Members of Armenia’s opposition on Monday criticized the government for promptly submitting draft amendments to the country’s electoral code to legal experts of a Council of Europe body for examination without prior public debate.
Levon Zurabian, the parliamentary leader of the main opposition Armenian National Congress (HAK) party, claimed that by sending the draft to the Venice Commission ahead of discussions the Armenian authorities seek to get some sort of “approval” for their preliminary document “after which they won’t consider making any concessions to the opposition or civil society [in the matter of the amendments].”
“This is their tactic that once again shows that they are dishonest and fraudulent and that they plan to rig elections again,” the oppositionist charged.
The need for changes in Armenia’s electoral laws emerged after the approval in last December’s disputed referendum of sweeping amendments to the Constitution envisaging the country’s switch to a parliamentary form of government.
The HAK and some other opposition groups campaigned against the controversial changes to the Constitution initiated by President Serzh Sarkisian, claiming that this way the incumbent head of state sought to ensure his continued political clout as leader of the ruling Republican Party of Armenia (HHK) even after his second and final term in office expired in 2018.
Sarkisian initially pledged not to seek a top government post should the reform be carried out, while advocates of the changes also insisted that their primary goal was to promote Armenia’s further democratization. Sarkisian, however, was less categorical about the possibility of his taking the office of a powerful prime minister after stepping down as president in about two years’ time.
Leading Western nations and international organizations monitoring the December vote described the process of drafting a new set of electoral laws as vital to ensuring a free and fair parliamentary vote in 2017 that will form Armenia’s next government. Therefore, they called for broader involvement of the opposition and civil society in the drafting and discussion of the relevant legislation.
In his public speeches President Sarkisian, too, called for a broad-based effort on amending the electoral code, setting the deadline for submitting its draft to the parliament on March 1. He also said that the passage of the draft electoral laws through the HHK-dominated parliament should take place by June, at least a year before the vote.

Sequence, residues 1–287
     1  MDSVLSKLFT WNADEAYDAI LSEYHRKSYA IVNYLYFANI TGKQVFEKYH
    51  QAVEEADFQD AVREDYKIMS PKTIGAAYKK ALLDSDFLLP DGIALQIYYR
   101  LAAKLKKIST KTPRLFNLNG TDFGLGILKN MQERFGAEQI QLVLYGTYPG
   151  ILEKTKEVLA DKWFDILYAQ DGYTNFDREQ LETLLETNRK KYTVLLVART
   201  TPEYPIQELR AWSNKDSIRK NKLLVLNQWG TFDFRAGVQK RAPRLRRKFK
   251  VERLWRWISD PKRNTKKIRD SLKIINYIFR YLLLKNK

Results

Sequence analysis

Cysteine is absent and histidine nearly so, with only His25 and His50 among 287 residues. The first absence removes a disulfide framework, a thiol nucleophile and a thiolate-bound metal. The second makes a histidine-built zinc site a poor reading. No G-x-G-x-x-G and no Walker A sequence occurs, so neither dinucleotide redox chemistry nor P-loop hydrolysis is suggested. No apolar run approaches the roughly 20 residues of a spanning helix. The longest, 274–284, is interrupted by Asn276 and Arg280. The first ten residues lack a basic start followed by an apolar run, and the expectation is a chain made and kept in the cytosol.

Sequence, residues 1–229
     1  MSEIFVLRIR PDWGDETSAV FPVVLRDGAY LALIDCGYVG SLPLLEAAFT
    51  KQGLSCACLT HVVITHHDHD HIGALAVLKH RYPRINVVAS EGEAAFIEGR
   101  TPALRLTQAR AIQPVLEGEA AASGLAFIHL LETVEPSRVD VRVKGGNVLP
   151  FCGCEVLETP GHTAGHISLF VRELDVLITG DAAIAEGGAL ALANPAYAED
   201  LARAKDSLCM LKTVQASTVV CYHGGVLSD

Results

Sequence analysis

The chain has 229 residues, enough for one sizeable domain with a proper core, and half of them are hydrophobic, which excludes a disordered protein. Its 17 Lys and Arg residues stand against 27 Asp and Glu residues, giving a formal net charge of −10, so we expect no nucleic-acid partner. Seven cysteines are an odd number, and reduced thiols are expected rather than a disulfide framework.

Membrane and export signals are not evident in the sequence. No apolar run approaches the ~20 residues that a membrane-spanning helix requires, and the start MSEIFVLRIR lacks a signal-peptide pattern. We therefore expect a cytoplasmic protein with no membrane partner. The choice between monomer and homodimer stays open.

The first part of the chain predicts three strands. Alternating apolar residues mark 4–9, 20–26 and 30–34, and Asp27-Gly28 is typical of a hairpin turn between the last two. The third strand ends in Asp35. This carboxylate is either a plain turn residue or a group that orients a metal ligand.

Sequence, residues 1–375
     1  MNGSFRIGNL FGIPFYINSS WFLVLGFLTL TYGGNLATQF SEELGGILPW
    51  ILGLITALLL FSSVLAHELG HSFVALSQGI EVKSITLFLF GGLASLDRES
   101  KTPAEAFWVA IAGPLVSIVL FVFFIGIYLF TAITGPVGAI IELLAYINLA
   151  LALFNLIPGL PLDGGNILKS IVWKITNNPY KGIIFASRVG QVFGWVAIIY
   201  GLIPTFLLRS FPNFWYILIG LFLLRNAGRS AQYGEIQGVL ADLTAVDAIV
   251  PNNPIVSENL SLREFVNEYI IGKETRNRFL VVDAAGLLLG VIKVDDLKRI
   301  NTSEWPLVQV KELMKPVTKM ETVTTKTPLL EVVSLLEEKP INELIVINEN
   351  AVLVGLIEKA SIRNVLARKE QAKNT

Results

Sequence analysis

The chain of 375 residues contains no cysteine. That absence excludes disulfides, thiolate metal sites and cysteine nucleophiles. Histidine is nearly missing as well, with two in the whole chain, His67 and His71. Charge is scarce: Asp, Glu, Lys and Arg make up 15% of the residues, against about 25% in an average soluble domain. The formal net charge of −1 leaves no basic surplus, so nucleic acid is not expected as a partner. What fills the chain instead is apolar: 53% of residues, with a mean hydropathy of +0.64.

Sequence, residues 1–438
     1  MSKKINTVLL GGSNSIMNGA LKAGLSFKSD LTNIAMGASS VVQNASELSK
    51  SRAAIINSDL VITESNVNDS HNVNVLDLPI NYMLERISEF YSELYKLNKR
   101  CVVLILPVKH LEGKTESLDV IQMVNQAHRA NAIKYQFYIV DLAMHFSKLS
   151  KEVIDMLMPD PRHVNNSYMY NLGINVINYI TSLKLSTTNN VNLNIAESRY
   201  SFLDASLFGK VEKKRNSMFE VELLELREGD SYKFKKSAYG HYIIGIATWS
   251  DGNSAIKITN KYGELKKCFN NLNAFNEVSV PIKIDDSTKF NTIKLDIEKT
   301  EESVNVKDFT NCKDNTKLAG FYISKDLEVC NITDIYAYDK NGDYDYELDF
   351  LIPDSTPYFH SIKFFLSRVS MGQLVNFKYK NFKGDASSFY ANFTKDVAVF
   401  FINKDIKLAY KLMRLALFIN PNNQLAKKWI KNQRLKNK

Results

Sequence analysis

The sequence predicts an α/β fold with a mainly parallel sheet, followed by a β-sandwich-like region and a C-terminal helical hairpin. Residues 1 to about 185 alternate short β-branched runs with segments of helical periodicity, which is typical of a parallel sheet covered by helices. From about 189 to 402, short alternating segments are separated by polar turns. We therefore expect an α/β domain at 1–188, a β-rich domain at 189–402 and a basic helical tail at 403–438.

Speaking at a public discussion organized for political parties and nongovernmental organizations today, head of the Vanadzor-based office of the Helsinki Citizens’ Assembly Artur Sakunts accused the government of going back on their pledge to hold open discussions following recommendations by the Organization for Security and Cooperation in Europe’s Office for Democratic Institutions and Human Rights.
“We can state now that the authorities do not comply with the key recommendation of the OSCE/ODIHR on ensuring an inclusive process,” he said.
Earlier, the HAK and a number of other opposition groups insisted on a number of anti-fraud safeguards to be included in the new electoral code. They singled out a measure that has long been championed by the Armenian opposition: post-election publication of the names of voters who cast ballots. Opposition leaders as well as many civic activists believe that this would practically preclude multiple voting by government loyalists, one of the most frequent forms of electoral fraud in the country. President Sarkisian’s administration and the HHK have for years opposed the idea, saying that it would breach the constitutionally guaranteed secrecy of ballots. Government representatives working on the current draft have already indicated the unacceptability of the proposal.
Meanwhile, leading human rights campaigner Sakunts also expressed fears that despite the formal switch to an all-proportional voting system, the new electoral code will eventually contain certain elements that will make it possible for odious local strongmen not campaigning along political lines to get into parliament.
The presence in parliament of dozens of such lawmakers elected from single-seat constituencies today has long been criticized by the opposition.
“That would make it the most disgraceful electoral code as by name it will be a proportional system but in essence it will be a majoritiarian one,” Sakunts said.
Invited HHK members did not attend today’s public discussion dealing with electoral code changes.